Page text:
Andy Cole of Pleasant Prospect told Newsday that on February 8 he had three dogs. Now only one remains after the other two were allegedly poisoned and he had to watch them die.
Cole recounted that a week earlier, on his usual walk from Pleasant Prospect to the beach at Beach Rock, one of the dogs saw a goat tied in front of a house and walked up to it, curious, and barked.
He said the goat wasn’t really bothered, but he heard a woman shouting, "Those dogs should be chained."
He said he did not respond, but on February 8 he took the same route and, on his return, saw one of the dogs eating something questionable from an open newspaper lying near the house where the goat had been the previous day.
“I told her to stop and took the paper – some rice and meat mixture – and carried it to a small hole leading to a drain and disposed of it. I hadn’t noticed where Walter was, which was strange, so I whistled him and a little later he came charging down, running all over the road, turning in circles, barking and whimpering.
"A car was coming, I managed to grab him, for he was going so crazy he would have been run down. The car stopped and the driver shouted, ‘He’s been poisoned.'"
Cole called out to his wife.
He said he massaged the dog’s throat as the animal twitched and shook, and tried to feed him dirt, as he had heard that that could help. He lifted the other dog into the back seat, while the other jumped in as well. But by the time he got home, one of the dogs had died.
“The other dog in the vehicle was acting weirdly. She was confused and unsteady, finally lying down on her side. Her tongue was purple, and she was shaking violently.
"We took the hose and forced water into her mouth as well as making her swallow salt from a teaspoon in order to help her vomit. She fought for her life, but she lost eventually, and there they lay,” he said.
Now the family has one dog left.
Cole said, “All dog owners should be very wary of the presence of sheep or goats. Even an unthreatening, curious dog could be an excuse for this dreadful action.”
He said he had not gone to the police, but had made some enquiries which led him to the alleged perpetrator.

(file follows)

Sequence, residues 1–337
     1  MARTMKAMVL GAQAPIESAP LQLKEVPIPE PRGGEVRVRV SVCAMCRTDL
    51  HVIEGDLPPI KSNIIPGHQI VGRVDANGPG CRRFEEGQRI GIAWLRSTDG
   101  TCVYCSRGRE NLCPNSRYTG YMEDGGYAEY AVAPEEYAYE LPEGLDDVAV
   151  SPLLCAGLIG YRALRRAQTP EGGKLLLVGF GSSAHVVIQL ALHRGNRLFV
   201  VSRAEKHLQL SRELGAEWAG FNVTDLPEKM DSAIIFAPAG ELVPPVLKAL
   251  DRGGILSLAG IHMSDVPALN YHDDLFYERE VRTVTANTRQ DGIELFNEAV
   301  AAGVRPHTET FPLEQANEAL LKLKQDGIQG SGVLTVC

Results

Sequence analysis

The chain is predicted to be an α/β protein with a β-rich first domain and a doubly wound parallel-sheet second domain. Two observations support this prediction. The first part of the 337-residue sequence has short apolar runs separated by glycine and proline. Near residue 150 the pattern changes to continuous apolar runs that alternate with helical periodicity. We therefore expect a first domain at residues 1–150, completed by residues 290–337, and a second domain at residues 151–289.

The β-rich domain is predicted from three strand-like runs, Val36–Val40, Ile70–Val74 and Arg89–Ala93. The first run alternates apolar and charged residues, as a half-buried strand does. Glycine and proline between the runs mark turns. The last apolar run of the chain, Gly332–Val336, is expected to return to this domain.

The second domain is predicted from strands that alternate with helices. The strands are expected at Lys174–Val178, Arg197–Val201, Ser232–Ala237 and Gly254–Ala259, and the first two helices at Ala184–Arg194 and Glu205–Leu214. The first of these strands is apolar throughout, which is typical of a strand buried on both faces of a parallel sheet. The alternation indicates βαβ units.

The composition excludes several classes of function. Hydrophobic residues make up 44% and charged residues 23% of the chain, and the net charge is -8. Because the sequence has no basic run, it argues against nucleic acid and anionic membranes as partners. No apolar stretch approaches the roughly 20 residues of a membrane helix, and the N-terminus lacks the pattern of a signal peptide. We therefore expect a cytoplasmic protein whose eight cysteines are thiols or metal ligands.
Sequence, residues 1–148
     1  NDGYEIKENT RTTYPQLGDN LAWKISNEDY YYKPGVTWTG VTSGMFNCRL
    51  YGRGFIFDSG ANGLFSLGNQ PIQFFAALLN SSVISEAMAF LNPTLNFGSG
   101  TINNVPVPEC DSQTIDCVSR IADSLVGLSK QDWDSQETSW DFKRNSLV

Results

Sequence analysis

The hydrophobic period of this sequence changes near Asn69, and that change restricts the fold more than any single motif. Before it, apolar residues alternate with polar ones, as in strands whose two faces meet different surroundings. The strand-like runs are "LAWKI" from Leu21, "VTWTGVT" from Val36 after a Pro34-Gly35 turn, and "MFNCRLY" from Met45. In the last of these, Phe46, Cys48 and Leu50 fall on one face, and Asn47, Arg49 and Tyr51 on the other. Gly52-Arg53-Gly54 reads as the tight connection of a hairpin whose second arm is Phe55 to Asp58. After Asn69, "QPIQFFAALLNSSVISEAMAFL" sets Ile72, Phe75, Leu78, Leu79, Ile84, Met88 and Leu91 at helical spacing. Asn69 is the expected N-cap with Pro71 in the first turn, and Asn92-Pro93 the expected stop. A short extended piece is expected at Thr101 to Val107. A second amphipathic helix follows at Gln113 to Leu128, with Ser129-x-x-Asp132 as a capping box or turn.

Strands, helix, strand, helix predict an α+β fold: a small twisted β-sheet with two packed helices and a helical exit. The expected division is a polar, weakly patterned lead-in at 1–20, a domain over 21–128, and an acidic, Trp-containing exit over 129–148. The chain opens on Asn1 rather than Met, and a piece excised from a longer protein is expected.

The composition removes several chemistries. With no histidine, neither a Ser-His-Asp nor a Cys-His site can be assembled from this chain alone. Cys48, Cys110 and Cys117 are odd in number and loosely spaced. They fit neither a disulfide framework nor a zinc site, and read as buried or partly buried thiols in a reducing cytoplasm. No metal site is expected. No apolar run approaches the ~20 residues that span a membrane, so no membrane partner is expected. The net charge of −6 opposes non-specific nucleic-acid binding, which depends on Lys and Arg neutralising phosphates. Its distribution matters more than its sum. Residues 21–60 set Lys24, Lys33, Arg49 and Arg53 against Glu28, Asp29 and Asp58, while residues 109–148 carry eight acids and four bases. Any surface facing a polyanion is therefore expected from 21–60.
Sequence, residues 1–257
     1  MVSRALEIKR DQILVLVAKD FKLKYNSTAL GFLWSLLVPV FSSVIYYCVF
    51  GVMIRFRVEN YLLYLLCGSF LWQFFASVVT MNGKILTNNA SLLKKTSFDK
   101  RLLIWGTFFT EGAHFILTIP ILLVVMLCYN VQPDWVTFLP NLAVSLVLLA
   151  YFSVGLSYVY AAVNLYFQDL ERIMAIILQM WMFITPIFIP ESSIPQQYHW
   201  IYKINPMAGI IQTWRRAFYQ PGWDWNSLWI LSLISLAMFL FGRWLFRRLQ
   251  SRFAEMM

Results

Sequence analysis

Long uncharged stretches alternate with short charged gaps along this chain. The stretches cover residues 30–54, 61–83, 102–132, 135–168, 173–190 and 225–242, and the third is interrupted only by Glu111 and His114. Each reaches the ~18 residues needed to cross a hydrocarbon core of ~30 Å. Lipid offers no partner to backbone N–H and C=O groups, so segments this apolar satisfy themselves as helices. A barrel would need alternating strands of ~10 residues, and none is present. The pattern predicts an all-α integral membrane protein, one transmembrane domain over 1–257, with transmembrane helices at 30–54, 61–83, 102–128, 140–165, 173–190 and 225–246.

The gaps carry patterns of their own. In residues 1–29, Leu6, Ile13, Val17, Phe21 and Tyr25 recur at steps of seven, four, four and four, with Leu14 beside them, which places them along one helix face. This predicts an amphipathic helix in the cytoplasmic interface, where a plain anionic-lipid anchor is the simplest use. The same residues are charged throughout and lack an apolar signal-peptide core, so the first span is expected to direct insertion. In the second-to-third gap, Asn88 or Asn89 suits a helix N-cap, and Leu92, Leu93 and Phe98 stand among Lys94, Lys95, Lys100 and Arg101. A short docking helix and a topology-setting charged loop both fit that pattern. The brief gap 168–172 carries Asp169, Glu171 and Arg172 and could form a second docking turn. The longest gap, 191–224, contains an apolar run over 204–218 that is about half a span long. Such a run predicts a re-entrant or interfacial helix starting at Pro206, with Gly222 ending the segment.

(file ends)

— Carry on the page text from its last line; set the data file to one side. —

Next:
“The problem with legislation is enforcement. An effort should be made to expose and shame the perpetrators, but until the society as a whole condemns and shows disgust at the practice, it will be tolerated. Naming and shaming might work, and then reinforcement with legislation if public opinion demands it,” he said.
Veterinary surgeon Dr Kern Johnson said he is aware of similar incidents of dogs being poisoned.
“The incidence seems to me higher during the rainy season. To curb these incidences, both owners of sheep and goats and dogs that attack need to be more responsible and provide the relevant security and infrastructures,” he said.
He said both goats and sheep are often bothered by dogs – more often sheep than goats.
But he said, “I can't specifically say that curious barking dogs bother goats and sheep. In most cases, the dogs that attack are owned, and not necessarily strays.”
On the pain felt by a poisoned animal, Johnson said it is very difficult to quantify.
“There are too many factors involved relating to the type of poison used, dosage, species of animal, etc. Also, even though there may be many sign or indicators of pain being experienced, it is difficult to quantify that sign with a specific degree of pain.
"However, it can be presumed that whatever can cause pain in humans can cause pain in animals as well. This is an area that requires more scientific investigations to be able to specifically and accurately comment further."
Also, the fact that most of the poisoned animals eventually die, makes their suffering even harder to assess.
Checks with police sources showed people rarely report incidents of dogs being poisoned.